Helping my unbelief

But how sneaky of me, really, to adopt the tone and manner of conviction simply for rhetorical effect. How duplicitous. That woman on the next bar stool, would she have looked so impressed if I had added the caveat that full disclosure would have demanded? “Please be advised that taking anything I say at face value may be hazardous to your sense of trust.” Ordinary human decency requires that we leave people’s prejudices largely intact, much of the time. Break this rule too regularly and you will find yourself shunned – take it from me. And the belief in a one-to-one correspondence between word and thing, between signifier and signified – well, you can call it naive if you want to. But try finding an American who doesn’t cling to it. The people who don’t say what they mean and mean what they say, they’re the ones that have brought us all these high taxes and unwed mothers and new mini malls where that trout stream used to be. Politicians, lawyers, bigshots. Middle managers. Liberals. People who talk out of both sides of their mouths, until even they don’t know what they mean. People like me.

This morning I’m thinking how nice it would be to adopt a manageable number of real, unequivocal beliefs. For example:
I believe that there is no such thing as a bad hug. I believe that every prisoner should be given a puppy or a kitten to care for. I believe that shit happens. I believe that someday we will understand, and that when we understand, we will choose to do good. I believe that dirt under the fingernails is a sign of virtue. I believe that people should strive to be as healthy and happy as possible. I believe that everybody is special. There! That wasn’t so hard to write, now, was it?

Ah, but immediately I begin casting about for exceptions. A hug can be unwelcome, poorly executed, or even exploitative. Who says that puppies and kittens really deserve to live behind prison walls? Shit doesn’t just happen – you have to eat something, your digestive system needs to be in good working order, and figuratively speaking, some people just go through life without ever experiencing a rained-out picnic or a broken promise. It stands to reason: there are six billion people in the world. A small fraction must manage to beat the odds.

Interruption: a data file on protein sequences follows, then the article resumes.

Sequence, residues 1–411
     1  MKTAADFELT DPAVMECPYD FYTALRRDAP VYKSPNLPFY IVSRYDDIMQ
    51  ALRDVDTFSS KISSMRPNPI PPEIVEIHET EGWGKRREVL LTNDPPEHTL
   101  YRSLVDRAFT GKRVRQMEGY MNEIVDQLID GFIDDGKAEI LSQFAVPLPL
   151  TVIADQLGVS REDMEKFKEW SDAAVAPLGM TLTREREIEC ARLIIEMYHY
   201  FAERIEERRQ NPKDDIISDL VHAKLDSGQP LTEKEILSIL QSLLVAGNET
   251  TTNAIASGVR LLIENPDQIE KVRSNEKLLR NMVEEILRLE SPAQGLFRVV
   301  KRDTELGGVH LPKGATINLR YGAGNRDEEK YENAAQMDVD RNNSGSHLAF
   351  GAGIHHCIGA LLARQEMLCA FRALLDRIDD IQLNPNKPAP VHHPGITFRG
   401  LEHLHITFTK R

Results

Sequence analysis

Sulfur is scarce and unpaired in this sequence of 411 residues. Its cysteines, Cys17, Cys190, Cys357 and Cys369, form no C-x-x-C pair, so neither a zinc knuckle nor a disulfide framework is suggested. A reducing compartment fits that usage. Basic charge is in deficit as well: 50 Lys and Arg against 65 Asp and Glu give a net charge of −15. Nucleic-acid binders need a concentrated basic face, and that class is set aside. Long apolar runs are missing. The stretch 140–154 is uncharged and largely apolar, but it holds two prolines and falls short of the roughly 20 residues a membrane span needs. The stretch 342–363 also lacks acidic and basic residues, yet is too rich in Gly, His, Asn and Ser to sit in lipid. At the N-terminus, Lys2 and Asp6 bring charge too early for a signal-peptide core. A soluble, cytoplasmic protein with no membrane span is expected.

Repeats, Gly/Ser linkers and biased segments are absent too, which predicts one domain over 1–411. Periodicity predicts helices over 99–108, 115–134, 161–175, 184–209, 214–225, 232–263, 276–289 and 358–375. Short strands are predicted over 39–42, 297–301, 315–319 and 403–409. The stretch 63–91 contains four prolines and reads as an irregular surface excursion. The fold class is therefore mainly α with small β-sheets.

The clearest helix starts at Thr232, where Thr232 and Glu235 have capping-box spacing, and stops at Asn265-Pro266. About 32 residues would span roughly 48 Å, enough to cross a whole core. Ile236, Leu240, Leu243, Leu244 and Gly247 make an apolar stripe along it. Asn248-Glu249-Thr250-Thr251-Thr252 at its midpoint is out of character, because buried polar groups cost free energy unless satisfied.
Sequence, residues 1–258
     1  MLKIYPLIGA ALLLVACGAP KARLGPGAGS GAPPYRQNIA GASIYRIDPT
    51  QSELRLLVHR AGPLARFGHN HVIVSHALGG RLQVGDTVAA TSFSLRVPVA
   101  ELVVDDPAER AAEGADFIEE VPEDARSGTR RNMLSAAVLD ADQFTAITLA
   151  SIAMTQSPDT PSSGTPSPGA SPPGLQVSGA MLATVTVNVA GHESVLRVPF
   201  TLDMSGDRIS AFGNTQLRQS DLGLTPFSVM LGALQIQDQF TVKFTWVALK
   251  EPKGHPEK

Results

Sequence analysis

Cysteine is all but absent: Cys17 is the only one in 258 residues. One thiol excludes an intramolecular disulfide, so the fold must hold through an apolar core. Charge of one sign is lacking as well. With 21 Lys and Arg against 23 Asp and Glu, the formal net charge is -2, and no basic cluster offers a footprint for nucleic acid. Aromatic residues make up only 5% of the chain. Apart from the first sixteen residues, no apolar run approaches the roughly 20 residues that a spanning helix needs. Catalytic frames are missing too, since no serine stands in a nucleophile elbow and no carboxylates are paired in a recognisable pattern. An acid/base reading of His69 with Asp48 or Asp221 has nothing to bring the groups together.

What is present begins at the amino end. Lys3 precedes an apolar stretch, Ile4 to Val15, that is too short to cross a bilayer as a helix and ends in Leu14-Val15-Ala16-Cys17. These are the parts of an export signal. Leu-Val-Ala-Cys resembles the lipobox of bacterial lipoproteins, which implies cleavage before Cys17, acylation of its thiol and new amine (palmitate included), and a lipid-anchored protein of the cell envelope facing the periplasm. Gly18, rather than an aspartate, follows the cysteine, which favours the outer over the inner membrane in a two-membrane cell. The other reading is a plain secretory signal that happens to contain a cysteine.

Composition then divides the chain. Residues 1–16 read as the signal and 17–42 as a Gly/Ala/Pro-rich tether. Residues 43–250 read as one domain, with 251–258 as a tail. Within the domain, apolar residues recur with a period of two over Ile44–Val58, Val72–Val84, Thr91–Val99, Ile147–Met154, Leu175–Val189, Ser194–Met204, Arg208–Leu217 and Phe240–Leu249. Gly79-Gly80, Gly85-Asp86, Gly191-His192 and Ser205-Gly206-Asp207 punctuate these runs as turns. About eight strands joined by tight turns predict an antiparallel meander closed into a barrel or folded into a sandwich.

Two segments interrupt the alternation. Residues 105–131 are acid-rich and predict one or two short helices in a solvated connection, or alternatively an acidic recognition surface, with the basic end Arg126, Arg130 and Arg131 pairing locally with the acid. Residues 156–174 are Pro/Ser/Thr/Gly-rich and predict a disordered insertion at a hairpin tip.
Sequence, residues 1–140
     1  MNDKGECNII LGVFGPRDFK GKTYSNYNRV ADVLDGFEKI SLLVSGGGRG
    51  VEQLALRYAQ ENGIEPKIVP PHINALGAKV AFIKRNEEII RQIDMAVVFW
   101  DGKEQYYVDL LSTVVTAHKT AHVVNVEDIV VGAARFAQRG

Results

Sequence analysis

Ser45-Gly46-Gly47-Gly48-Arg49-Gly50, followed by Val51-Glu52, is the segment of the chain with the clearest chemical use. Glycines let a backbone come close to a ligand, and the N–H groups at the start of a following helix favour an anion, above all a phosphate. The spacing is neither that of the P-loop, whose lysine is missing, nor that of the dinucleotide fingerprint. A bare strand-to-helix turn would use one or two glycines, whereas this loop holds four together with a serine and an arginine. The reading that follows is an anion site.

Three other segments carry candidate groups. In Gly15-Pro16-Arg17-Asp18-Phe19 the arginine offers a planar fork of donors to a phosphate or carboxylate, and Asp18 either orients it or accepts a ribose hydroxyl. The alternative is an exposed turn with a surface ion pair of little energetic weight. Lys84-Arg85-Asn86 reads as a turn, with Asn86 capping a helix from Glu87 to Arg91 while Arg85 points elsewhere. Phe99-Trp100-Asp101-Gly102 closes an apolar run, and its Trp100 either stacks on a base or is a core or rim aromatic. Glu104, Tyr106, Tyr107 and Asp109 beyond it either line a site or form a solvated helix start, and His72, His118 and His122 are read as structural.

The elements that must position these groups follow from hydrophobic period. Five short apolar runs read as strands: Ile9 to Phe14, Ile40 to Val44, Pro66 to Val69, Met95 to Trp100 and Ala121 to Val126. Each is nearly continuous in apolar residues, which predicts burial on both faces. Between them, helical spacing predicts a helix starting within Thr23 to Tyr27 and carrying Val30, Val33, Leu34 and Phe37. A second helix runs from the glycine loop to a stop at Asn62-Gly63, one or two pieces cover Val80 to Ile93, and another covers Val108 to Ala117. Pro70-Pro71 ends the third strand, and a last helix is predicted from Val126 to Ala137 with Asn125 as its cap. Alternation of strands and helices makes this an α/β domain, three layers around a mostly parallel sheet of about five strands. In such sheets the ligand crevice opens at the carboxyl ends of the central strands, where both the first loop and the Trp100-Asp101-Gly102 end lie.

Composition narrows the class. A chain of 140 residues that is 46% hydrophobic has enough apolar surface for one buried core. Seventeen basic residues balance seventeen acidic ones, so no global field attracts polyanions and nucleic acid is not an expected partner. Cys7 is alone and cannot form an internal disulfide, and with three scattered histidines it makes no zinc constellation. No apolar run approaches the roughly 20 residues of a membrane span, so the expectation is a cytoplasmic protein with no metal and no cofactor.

And so it goes with the rest of the list: “understand” how, to what extent? And for something to be freely chosen, refusal must remain a strong possibility. Therefore, the world will most likely always have so-called evil. And therefore, how can you prove that this isn’t in fact the best of all possible worlds? Without the possibility of wrongdoing, the even more palpable evil of unthinking obedience would destroy any possibility for true goodness, would it not?

One may have dirt under one’s fingernails from working long hours at menial, soul-destroying jobs. Some dirt gets under the skin after a while, until the only way one can feel clean again is to come into work some fine morning cradling a shotgun in one’s freshly scrubbed arms.

Health and happiness? So much is a matter of outlook. And so much necessary work depends on those who are willing to suffer privation. Some may need to sacrifice their own happiness merely to preserve the possibility of happiness for others. Nor can we resolve the issue by claiming simply that each person must seek an appropriate balance between acceptance and renunciation. Where’s the outrage, as Bob Dole used to say with such badly feigned conviction? What ever happened to the notion of a call, of an unhealed wound in the healer’s heart?

Everybody special? Hardly. And the sooner we can purge ourselves of this pernicious notion, the sooner we might be able to see the spark of divinity that shines in every child’s eyes. Fire is fire. From a strictly scientific point of view, this stand-in for Whatever doesn’t even have substantial existence: things burn. “Fire” is a highly imprecise term for the phenomenon of combustion, a chemical process closely resembling oxidation and metabolism. Rust is a slow fire. Heartburn is a medical condition. And this ache in my belly, this burning in my gut, it has nothing whatsoever to do with the tunes I choose to sing.


Then God sent a raven which scratched the ground
in order to show how to hide
the nakedness of his brother.
“Alas, the woe,” said he, “that I could not be
even like the raven and hide
the nakedness of my brother,”
and was filled with remorse.

Al-Qur’an 5:31 (Ahmed Ali, tr., Princeton University Press, 1984)

The ground cries out against me. Everywhere I step, the tiny and opportunistic seeds of invasive weeds fall from the soles of my boots. My breath is corrupt; the kiss of friendship can doom nine out of ten members of an uncontacted tribe. My hugs are fatal, brother raven. You would do well to keep your distance. When you leave this leaky ark to find dry land, don’t look back.

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